Letters to the Editor: After the 'Great Resignation' a rethink?
Seize another day
Sir — Last year, many people quit their unsatisfactory jobs. This phenomenon came to be known as the ‘Great Resignation’. But a large number of them have since realized that they may not be a good fit at their new jobs and are returning to their former employers. The pandemic brought us face to face with mortality and forced us to reconsider our life choices. But carpe diem is not easy. Problems less grave than mortality — but perhaps as disturbing — such as the lack of job security, have reared their ugly heads again. Companies should consider rehiring former employees.
Sir — The opposition to the appointment of Mehmet Ilker Ayci as the chief executive officer of Air India is justified (“Ayci ache”, Mar 3). He has served as an adviser to the current president of Turkey, Recep Tayyip Erdogan, who is a known supporter of Pakistan. Ayci’s appointment could thus open up possible avenues of concern. The Tata Group should have factored this in before offering the post to Ayci.
Sir — The campaign carried out against Mehmet Ilker Ayci by the Swadeshi Jagran Manch, the economic wing of the Rashtriya Swayamsevak Sangh, was uncalled for. Ayci’s selection as the CEO of Air India was a business decision based on his leadership abilities. He turned around the fortunes of the Turkish Airlines, which was steeped in losses. Ayci could have helped the debt-ridden Air India. The future of India’s national carrier looks uncertain at present.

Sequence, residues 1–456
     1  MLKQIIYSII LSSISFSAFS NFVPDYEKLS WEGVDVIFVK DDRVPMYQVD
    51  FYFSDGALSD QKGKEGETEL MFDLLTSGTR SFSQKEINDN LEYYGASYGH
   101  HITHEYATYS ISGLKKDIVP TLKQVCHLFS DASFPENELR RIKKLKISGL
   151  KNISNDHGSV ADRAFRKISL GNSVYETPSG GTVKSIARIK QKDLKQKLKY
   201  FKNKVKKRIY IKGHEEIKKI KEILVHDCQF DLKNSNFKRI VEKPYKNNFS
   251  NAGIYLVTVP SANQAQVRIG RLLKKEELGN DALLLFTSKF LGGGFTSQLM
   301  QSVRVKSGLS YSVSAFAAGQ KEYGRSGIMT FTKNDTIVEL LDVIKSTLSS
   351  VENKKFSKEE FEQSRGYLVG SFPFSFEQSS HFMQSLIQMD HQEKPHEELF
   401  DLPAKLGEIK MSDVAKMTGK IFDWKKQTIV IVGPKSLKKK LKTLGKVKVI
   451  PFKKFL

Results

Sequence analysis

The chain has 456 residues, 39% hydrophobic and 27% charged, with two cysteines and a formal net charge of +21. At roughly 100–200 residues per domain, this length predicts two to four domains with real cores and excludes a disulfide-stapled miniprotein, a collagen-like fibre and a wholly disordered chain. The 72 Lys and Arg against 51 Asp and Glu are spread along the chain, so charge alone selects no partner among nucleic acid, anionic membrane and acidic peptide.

States over nation
Sir — The prime minister, Narendra Modi, seems to be more interested in campaigning for state elections than in running the country. Whenever there is a assembly election — be it in West Bengal in 2021 or in Uttar Pradesh in 2022 — Modi can be seen campaigning extensively for Bharatiya Janata Party candidates. It is doubtful whether any other Indian prime minister has been this disproportionately involved in these elections. Modi must redirect his attention to issues of national importance.
Sir — A businessman has anonymously donated 60 kilogramme of gold to the Kashi Vishwanath temple. Of this, 37 kg has been used to decorate the inner walls of the sanctum sanctorum. The remaining 23 kg will be used to cover a portion of the dome of the main temple.
The prime minister recently visited the Kashi Vishwanath temple. He should have used the opportunity to discourage such ostentatious donations. The businessman could
have helped feed millions of Indians who are starving had he donated an equivalent sum to non-governmental organizations. Donors, irrespective of their faith, should prioritize the well-being of the poor and donate accordingly.
Tharcius S. Fernando,
Sir — The report, “Elders made aware of online fraud” (Mar 2), was informative and timely. Fraudsters call from so many different phone numbers that it is difficult to keep track. There should be a website where such fraudulent numbers are listed so that people can take necessary precautions. We need to actively counter this menace.
Sir — The demise of the actor, K.P.A.C. Lalitha, is a great loss for Malayalam cinema. She was a versatile actress who found success in both commercial as well as art house cinema. One of her most memorable roles is that of Narayani in Mathilukal. She will be missed.